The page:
How Artists Put On Shows (Virtually) In The Middle Of A Pandemic
Producers, writers and actors talk about the advantages of virtual collaboration during the pandemic.
This year in entertainment, everything went virtual: award shows, book tours, live theater, and even film and TV productions.
For many major studios and celebrities, working virtually was a means of adapting pre-pandemic projects. But for smaller independent studios and artists, entering the virtual space also offered new ways to collaborate.
Scott Zakarin: “There are amazing improv actors, comedians, dramatic actors, brilliant writers, all these things that are everywhere in the world.”
Scott Zakarin is a long-time writer, director and producer. Back in 1995, he created "The Spot," an online drama credited as the very first episodic web series. Twenty-five years later, he says the pandemic could usher in a new era for independent online creators.
One of Zakarin's latest projects includes "Ride Share," an action thriller podcast and animated web series. Like other productions that continued into the pandemic, the cast and crew transitioned into working entirely remotely.
Zakarin: "It has a much more natural flow of conversation."
"Ride Share" actress Olivia DeLaurentis: "I felt so comfortable with the other actors, weirdly more so than if I was even in a studio setting."
The internet saw a slew of other new web series, several of which are COVID-inspired, with titles like "From a Distance" or "Loving Captivity." Beyond the medium of web series, virtual online spaces also helped another industry in entertainment: theatre.
Talia Light Rake: "Playdate was created specifically for quarantine times with a mission to connect artists despite the distance."
Back in March, Talia Light Rake founded Playdate Theatre, a first-of-its-kind company that produced and screened plays online as a means to help writers and actors stay creative virtually.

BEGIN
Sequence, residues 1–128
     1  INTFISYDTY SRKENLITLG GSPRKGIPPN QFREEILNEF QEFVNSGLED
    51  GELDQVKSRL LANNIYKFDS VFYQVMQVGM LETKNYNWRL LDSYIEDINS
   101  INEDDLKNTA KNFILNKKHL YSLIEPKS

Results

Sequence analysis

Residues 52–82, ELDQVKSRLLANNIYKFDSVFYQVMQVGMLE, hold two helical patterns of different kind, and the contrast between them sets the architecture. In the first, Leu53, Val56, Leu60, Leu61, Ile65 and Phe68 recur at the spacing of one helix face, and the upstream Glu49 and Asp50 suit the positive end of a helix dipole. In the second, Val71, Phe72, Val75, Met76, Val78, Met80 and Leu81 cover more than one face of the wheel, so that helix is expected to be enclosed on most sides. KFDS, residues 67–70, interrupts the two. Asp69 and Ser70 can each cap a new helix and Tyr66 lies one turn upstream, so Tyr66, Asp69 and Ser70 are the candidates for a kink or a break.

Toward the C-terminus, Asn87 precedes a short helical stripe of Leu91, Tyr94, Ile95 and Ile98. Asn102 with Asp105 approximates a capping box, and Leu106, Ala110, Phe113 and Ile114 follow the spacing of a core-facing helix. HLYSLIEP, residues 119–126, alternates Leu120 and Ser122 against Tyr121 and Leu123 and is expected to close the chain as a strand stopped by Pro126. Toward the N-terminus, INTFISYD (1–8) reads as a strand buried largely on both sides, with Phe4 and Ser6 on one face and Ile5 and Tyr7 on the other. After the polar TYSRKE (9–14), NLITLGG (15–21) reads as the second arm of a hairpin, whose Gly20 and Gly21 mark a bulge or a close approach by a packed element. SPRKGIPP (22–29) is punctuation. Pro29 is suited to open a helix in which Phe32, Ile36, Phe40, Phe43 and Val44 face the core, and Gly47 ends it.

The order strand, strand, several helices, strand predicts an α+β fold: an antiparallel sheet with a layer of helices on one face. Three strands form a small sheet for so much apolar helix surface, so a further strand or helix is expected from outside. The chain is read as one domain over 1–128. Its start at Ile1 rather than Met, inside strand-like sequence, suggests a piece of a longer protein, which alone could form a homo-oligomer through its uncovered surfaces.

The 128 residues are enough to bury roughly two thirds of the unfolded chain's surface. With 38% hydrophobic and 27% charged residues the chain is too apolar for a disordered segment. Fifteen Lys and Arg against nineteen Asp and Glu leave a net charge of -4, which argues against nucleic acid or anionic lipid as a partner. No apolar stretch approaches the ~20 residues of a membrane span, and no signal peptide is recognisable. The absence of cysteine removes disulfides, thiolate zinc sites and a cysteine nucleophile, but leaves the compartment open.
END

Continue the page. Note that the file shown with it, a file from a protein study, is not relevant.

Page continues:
The company's most recent play development conference happened over Zoom and garnered around 200 writers from all over the world. Its online screenings also raised over $16,000 for Color of Change and New York City's COVID Relief Fund.
Daniel Dae Kim: "This is a new form of media where we're taking a play and putting it on a filmed or broadcast medium, and yet acknowledging that it's still a play."
Outside of Playdate, actors like Daniel Dae Kim used virtual theatre to put on an election-focused play called "Belly of the Beast." And Tony nominee Jeremy O. Harris produced two digital productions during the pandemic and praised the digital potential for the industry.
Dae Kim: "We want theater back, and this is the one way that we can bring it back.'"
Light Rake: "Virtual theater, theater at a distance, collaboration at a distance is actually going to be able to continue — no matter the pandemic or not. Because what makes us so special is that you're able to collaborate with anyone."
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